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Essay A Go-Go: What's Up With Them Adults?
Rebel Yell: Give Todd A Holler

January 12

There were columns at the front of it and in between each column there was an eyeless stone woman holding a pot on her head.  A concrete band was over the columns and the letters, MVSEVM, were cut into it.  Enoch was afraid to pronounce the word again.

—Wise Blood, by Flannery O’Connor


You might expect a cemetery with such a diverse population of people to contain a really interesting number of ghosts.  According to local residents, it does.

—Haunted Georgia, by Alan Brown


Dear Dixie,

The Shirt of Happiness … check.  None of the scholars ripped their rooms apart or snuck out last night and roamed the ancient streets as far as Gary and I know and we really don’t want to know … check.  Sunny, blue sky morning in the city of live oaks and lots of dead people … check.

I have always known this but now I will profess my belief that Savannah, Georgia is the most beautiful and intriguing city in America.  It’s all historic.  Every inch of it.  There are Georgia historical markers every two or three feet.  There are historical markers about historical markers.

This hideous bus we’re using might go fast, but it’s too big for the parking deck underneath the hotel, so I had to park it in an open lot last night three blocks down Bay Street.  On the way to the bus this morning we walk by the spot where Oglethorpe had pitched his field tent while he made Savannah and Georgia.  Now there’s a stone and marble bench marking the spot.  The bench has been there itself for over one hundred years.  You wouldn’t notice it unless you knew about it.  Now we know about it.  We look at each other.  We look around.  Here’s where Georgia began.  It’s a wonderful moment.  Students and teachers.  The students trust us to make sure they don’t miss anything.  They’re interested.

Trucks rumble by on Bay Street.  Cars zip past.  Horns honk.  Scooter horns chirp and beep.  You can hear the alien automated voice of a cross walk safety system counting down … thirteen, twelve, eleven, ten

I lose count of the historical markers we see in three blocks.  I think the scholars are getting it.  They’re starting to understand where we are.  In a special city in a state where they live.  Maybe where they were born.  Do you think it’s pretty cool, I ask.

They do.     

History’s close and around us.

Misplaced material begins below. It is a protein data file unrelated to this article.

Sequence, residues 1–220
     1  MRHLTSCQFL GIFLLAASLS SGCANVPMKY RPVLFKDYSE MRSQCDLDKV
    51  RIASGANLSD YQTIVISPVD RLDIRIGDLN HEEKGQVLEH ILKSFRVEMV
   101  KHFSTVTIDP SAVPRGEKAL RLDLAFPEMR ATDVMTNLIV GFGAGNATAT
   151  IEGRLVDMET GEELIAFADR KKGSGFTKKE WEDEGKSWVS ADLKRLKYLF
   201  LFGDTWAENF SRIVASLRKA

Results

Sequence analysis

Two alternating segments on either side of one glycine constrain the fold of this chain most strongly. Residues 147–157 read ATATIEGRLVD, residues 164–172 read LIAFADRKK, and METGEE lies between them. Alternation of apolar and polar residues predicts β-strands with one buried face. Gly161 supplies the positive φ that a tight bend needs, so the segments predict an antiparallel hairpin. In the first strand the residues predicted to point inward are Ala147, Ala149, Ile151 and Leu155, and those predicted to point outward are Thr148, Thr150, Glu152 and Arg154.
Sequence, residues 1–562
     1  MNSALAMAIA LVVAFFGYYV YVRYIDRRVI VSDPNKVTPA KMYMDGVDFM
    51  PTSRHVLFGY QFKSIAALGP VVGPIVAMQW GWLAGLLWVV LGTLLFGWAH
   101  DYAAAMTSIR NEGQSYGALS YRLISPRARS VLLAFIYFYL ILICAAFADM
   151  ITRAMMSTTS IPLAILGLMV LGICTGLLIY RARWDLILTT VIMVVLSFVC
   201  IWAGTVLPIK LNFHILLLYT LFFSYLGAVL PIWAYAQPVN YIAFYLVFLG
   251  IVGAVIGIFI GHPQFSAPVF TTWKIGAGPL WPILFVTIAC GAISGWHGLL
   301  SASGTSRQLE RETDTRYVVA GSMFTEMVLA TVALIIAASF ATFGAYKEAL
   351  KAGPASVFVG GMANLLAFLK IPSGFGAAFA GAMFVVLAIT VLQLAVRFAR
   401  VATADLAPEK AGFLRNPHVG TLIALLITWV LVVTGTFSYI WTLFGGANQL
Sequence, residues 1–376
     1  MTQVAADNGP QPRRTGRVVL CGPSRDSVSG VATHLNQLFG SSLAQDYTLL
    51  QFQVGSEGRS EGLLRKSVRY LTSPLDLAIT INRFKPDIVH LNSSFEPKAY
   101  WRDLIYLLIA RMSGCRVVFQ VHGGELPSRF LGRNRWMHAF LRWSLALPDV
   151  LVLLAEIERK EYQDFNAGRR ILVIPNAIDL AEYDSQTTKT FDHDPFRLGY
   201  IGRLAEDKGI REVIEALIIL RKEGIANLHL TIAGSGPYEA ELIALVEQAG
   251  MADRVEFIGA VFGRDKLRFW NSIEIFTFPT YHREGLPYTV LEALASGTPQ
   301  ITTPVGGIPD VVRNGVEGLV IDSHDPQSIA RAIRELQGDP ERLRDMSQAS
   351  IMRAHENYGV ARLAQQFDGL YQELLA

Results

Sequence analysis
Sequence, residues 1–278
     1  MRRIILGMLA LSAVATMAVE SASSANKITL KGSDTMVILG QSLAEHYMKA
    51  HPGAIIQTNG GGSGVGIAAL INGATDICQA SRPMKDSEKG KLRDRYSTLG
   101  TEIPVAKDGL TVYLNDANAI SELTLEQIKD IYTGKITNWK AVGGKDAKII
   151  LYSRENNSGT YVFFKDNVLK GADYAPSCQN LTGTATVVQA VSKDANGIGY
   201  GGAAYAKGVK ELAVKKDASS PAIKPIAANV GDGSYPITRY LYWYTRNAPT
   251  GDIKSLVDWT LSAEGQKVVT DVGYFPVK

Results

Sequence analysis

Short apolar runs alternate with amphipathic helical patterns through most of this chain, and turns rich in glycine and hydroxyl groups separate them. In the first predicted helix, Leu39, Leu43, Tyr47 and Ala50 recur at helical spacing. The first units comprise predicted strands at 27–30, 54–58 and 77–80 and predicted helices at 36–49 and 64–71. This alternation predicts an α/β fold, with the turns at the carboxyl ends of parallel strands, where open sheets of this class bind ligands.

We go to Wright Square and pay tribute to Oglethorpe’s buddy, Tomo-chi-chi, who’s buried under a granite boulder.  Sunlight streams through the Spanish moss and the leaves and limbs of the square’s live oaks.  It’s blinding.  Nearby, a couple of locals sitting on a bench are smoking cigarettes and the bright white smoke wafts up and around and filters the light every puff.  The only thing I’m wondering is how long do you stand there and contemplate and pay tribute and wonder what the man was like and what he looked like. 

As long as you want. 

I’m discovering the scholars are in no hurry.  Their attention span is getting longer … maybe to fifteen to twenty minutes a site.  They’re better in museums because Gary and I hang back and take our time.  Gary and I love museums, too.  There’s so much to look at, but I’m wondering how much the boys retain and what means the most to them.  They won’t say … they won’t get sentimental … unless you ask them.  As I gaze at the boulder and the ground under it the only thing I hear is the sound of a jackhammer.

We took them to Fort Jackson, just down the Savannah River from the city.  I have to admit it’s a stirring place, but the most interesting thing about it is how the latrines used to work.  When it’s high tide the latrines get flushed.  The scholars were really intrigued with the cannons at first but once they read all the business about the latrines … for the officers and another few holes for the enlisted men … they really couldn’t stop contemplating out loud, a lot, about the how the latrines work.

We walked back into the gift shop and the site manager was nice to ask us if we had any questions.

I thanked him for asking and then I asked him if there were ever any battles waged here at ol’ Fort Jackson.

He said not really.

I bought a fake Confederate soldier’s cap.

Elmo and Hap buy brass bugles.  Which they began blowing as much as possible as soon as they walked out of the gift shop.

We went to the Colonial Park Cemetery.  The history is all very dead, but overwhelming.  You can’t take it all in. 

Boog asked why can’t Atlanta be this pretty.

We walk over to Chippewa Square to see the statue of Oglethorpe.  When we walk up to the base, Elmo screams … He’s on the cover of our textbook!

Elmo’s right.  A photograph of Oglethorpe’s bronze head is on the cover of our textbook, but not this bronze head.  The bronze Oglethorpe head photograph on our textbook is from a statue of him in Augusta.  But I don’t say a word.  I’m just glad they know who the fellow is.

Hap and Elmo blow their bugles at the statue of James Oglethorpe.

There’s a coffee shop on the corner of the street.  Gary and I almost say at the same time … Let’s go get a cup of coffee.  But Gary said it first.

Inside we all sit in some deep leather chairs next to a fireplace.  A cup of strong Turkish coffee is trying to bring me back to life.  Through the window I have a direct view of the head and shoulders of John Oglethorpe.  I look at the kids and ask them have they had enough history today.  I was ready for more.  All we had to do was step out the door and back on any sidewalk.

They said they were having fun … but what are we really doing next?

I could tell they wanted a change of pace.  In their own quirky way, they were being polite.  Gary and I huddled on an idea.  We took them to the airplane museum over in Pooler.



Next Entry ... January 13: Dispatch From Americus 

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